Stephen Shankland writes about Michael Davidson, who has cataloged more than 100 images of microscopic cartoon characters, cars, dinosaurs and other images etched on silicon. Check out the images here.
Between the Lines
Larry Dignan and other IT industry experts, blogging at the intersection of business and technology, deliver daily news and analysis on vital enterprise trends.
Larry Dignan is Editor in Chief of ZDNet and SmartPlanet as well as Editorial Director of ZDNet's sister site TechRepublic.
Rachel King is a staff writer for ZDNet based in San Francisco.
Zack Whittaker writes for ZDNet, CNET, and CBS News. He is based in New York City.
The good news is that we're clearly much closer to systems that can scan a crowd and identify faces. The bad news is that...we're clearly much closer to systems that can scan a crowd and identify faces.
Apple continues to build on the iPod, trouncing competitors. The new model supports 150 hours of video on the 2.
Between the way the recently OASIS-ratified OpenDocument Format (ODF) was approved as the Massachusetts standard file format for productivity applications, and the way it was submitted for consideration as a global standard to the International Standards Organization (the ISO) and the way the thin-client discussion has suddenly moved front and center again, could we be on the verge of an ODF-inspired document revolution?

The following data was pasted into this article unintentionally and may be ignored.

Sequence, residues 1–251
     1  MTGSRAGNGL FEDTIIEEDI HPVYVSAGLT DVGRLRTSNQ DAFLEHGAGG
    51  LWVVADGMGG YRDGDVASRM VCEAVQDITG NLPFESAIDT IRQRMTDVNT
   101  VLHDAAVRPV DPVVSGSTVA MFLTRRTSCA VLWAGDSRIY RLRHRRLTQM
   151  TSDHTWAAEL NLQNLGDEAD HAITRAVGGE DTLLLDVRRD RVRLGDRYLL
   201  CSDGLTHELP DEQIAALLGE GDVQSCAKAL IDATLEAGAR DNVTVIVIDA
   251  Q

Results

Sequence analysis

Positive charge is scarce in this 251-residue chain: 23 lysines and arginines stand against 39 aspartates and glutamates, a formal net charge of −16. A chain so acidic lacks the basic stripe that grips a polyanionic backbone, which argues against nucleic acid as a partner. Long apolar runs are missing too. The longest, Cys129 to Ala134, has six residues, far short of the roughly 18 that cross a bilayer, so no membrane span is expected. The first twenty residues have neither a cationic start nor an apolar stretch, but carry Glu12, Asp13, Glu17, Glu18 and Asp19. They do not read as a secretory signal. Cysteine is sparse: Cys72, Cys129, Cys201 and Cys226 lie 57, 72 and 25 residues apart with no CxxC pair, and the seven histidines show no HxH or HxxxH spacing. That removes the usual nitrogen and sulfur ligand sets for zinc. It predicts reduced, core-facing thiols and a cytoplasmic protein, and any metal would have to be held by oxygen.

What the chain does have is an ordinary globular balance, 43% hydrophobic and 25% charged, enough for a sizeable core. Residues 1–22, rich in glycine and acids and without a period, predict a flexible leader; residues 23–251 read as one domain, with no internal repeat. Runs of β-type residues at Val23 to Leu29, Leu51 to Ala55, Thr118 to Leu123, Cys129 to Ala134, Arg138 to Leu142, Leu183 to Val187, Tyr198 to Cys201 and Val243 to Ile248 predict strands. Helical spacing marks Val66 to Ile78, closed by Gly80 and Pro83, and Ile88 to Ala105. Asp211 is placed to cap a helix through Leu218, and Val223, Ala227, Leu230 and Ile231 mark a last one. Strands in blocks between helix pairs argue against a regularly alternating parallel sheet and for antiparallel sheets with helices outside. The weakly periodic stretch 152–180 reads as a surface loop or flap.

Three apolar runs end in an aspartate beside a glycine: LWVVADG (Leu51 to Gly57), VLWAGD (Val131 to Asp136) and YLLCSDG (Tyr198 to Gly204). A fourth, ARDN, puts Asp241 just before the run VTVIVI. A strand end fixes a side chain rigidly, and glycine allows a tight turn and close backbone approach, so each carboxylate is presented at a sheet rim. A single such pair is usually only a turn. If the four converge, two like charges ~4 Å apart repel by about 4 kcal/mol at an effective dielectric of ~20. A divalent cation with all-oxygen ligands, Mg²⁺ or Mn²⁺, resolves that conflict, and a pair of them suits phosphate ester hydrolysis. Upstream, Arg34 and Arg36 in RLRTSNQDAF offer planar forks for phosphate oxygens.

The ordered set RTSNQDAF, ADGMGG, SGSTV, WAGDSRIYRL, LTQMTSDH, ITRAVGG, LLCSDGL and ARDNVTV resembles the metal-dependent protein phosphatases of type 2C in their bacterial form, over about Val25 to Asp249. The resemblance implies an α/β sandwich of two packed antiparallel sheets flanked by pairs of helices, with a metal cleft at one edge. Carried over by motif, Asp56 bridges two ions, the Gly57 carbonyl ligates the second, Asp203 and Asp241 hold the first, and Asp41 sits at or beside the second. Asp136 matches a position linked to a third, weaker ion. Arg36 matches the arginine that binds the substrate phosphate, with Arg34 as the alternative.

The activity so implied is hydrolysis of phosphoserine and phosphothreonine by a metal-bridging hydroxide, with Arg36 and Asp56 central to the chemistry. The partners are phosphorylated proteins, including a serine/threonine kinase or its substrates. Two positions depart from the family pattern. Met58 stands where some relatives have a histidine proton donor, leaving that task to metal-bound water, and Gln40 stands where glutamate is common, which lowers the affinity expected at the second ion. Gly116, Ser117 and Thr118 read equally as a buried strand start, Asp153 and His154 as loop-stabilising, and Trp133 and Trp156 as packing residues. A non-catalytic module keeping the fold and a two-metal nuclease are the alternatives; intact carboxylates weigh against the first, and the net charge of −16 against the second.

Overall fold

By mid-2006 Yahoo and Microsoft will break down the Berlin Wall between their instant messagers. It's about time, but AOL is still trying to hold on to its exclusive territory.
Massachusetts' recent decision to standardize on the OASIS-chaperoned OpenDocument Format (ODF) as its statewide standard file format for saving and exchanging documents that are typically created by productivity applications has generated a huge amount of controversy.
Yesterday Last week, Google announced Google Reader, an online RSS reader. As you'd expect from a Google product, the interface is clean and makes ample use of AJAX to get the clunk out.
I spent part of the afternoon at one of Yahoo Lab's facilities, a nondescript building on University Ave. in Berkeley, CA.
In the bubble days of the Web, the game was all about aggregating eyeballs. AOL, Excite, Yahoo, Snap!
It's safe to say that a large-scale cybersecurity calamity will occur, just as hurricanes, earthquakes and terrorist attacks torment the people of the planet earth. Mini security calamities hit computers almost every day in the form of worms and other vulnerabilities.